The luck of the draw

Assuming this parliament runs its full term, there are likely to be redistributions in every state except South Australia before the next election, as well as the Northern Territory. A Western Australian redistribution is currently in its early stages, resulting from the rule requiring that states and territories be redistributed at least every seven years. Tasmania and the Northern Territory will follow for the same reason later this year; Victoria is also due in January 2010 (UPDATE: Or possibly not – see David Walsh in comments). It is also very likely that population changes will result in New South Wales losing another seat to Queensland when the determination is made in February 2009. The following table shows the states’ entitlements at the last determination in November 2005, entitlements based on ABS population figures from June 2007, and a projection to February 2009 based on growth rates in the 2006/07 financial year. Note that the constitution prevents Tasmania from falling below five seats, and that a dubious law passed in 2004 allows the Northern Territory to retain its second seat even if its entitlement falls a little below 1.5.

2005 2007 2009
(m) seats (m) seats (m) seats
NSW 6.765 49.38 6.889 48.51 7.041 48.23
VIC 5.013 36.59 5.205 36.65 5.362 36.73
QLD 3.946 28.8 4.182 29.45 4.368 29.92
WA 2.004 14.63 2.106 14.83 2.204 15.1
SA 1.540 11.24 1.584 11.15 1.616 11.07
TAS 0.485 3.54 0.493 3.47 0.500 3.42
ACT 0.326 2.38 0.340 2.39 0.352 2.41
NT 0.206 1.5 0.215 1.51 0.224 1.53

In the meantime we have a redistribution in train for Western Australia’s existing 15 seats, which despite the state’s rapid growth will not need to increase before the next election. Population volatility has led to substantial variations in enrolment across the electorates, with growth trends confounding the projections used to conduct the last redistribution in 2000. The following table shows actual enrolment at that time; the projections then arrived at for May 2004, three-and-a-half years hence; actual enrolment figures from the October 2004 election; and enrolment as of last month.

2000 2004
Brand (Labor 5.6%) 74,528 88,665 84,223 93,011
Canning (Liberal 5.6%) 72,045 86,896 84,388 95,439
Cowan (Liberal 1.7%) 77,235 88,638 85,393 94,233
Curtin (Liberal 13.6%) 83,424 85,898 84,216 86,447
Forrest (Liberal 5.8%) 79,009 90,070 87,145 94,504
Fremantle (Labor 9.1%) 78,079 86,479 83,698 89,558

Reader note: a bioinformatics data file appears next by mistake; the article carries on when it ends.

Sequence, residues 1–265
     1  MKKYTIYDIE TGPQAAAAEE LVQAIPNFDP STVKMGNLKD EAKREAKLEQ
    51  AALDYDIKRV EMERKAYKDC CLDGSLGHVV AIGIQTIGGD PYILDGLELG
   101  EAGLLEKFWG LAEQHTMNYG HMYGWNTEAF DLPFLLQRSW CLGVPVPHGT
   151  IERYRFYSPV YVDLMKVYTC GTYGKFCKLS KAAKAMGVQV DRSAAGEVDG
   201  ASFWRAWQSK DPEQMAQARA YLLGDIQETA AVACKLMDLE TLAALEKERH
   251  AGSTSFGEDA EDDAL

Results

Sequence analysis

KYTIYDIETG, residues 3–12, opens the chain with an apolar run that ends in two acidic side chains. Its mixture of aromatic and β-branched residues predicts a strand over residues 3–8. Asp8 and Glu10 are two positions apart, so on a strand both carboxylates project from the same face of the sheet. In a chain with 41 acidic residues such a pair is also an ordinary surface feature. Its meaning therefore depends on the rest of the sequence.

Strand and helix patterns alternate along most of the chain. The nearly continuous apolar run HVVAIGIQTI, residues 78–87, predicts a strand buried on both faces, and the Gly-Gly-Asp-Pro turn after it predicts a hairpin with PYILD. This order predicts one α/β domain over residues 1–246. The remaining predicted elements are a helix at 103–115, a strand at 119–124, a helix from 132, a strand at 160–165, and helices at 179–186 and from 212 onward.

Hasluck (Labor 1.3%) 78,596 86,772 80,554 82,779
Kalgoorlie (Liberal 2.6%) 82,701 89,775 81,987 81,148
Moore (Liberal 9.2%) 72,538 84,988 75,923 77,541
O’Connor (Liberal 16.6%) 82,894 86,790 82,841 85,032
Pearce (Liberal 9.1%) 73,868 87,148 84,574 95,474
Perth (Labor 8.8%) 81,391 87,859 84,178 88,859
Stirling (Liberal 1.3%) 86,076 88,758 86,965 91,751
Swan (Liberal 0.1%) 78,145 84,956 79,549 82,511
Tangney (Liberal 8.7%) 83,529 87,310 83,108 84,591
MEAN 78,937 87,400 83,249 88,192

It is particularly notable that Moore, heretofore the quintessential growth corridor electorate, has fallen well short of the AEC’s projections at the time of the 2000 redistribution. Enrolment in the electorate took seven years to grow 6.9 per cent, against a projected 17.2 per cent in three-and-a-half years. This is a similar rate of growth to other Perth suburban seats, which came in between 1 per cent and 10 per cent. The real action has been in semi-rural Canning (32.5 per cent), Pearce (29.2 per cent) and Brand (24.8 per cent), along with outer metropolitan Cowan (22.0 per cent). Growth in the state’s south-west has boosted enrolment in safe Liberal Forrest by 19.6 per cent, but further afield O’Connor and Kalgoorlie have remained stagnant.

It will thus be necessary for the redistribution to cut upwards of 10,000 voters from Canning, Pearce, Brand, Cowan and Forrest, paring back existing over-enrolment and accounting for projected growth over the next three-and-a-half years. Significant expansion will be required not only for ever-declining Kalgoorlie and O’Connor, but also for Moore to correct for its over-estimated growth prospects last time. In the metropolitan area, Curtin, Swan and Tangney will need to take in new areas, but little adjustment will be necessary for Perth, Stirling and Fremantle (which is not to say that these electorates will not be redrawn due to knock-on effects).

While it never pays to second-guess redistributions, it’s tempting to draw a scenario in which Kalgoorlie absorbs all or part of Geraldton from O’Connor, which can easily be compensated by taking some of the territory that Pearce and Forrest need to lose. The need for cuts to adjoining Forrest, Canning and Brand will tempt the commissioners to make most of this required transfer from Forrest, resulting in knock-on transfers to the other two. The required growth in Moore can be accommodated either at the expense of Pearce to the north or Cowan to the east, both of which will need to be cut.

Author: William Bowe

William Bowe is a Perth-based election analyst and occasional teacher of political science. His blog, The Poll Bludger, has existed in one form or another since 2004, and is one of the most heavily trafficked websites on Australian politics.

51 comments on “The luck of the draw”

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  1. Once I put together a pretend seat which may be acceptable in terms of population I wonder who would win the seat.

    All of Kew & Hawthorn (East of Burke Rd), All of the City of Yarra south of the Eastern Freeway, all of Stonnington plus Southbank and the Domain part of South Yarra

    I’ve found my paper with the stats written out and i’ve mistakenly included Southbank and the Collingwood areas for they would put it over quoter.

    I also wouldn’t mind seeing all of Port and South Melbourne placed in the seat of Melbourne

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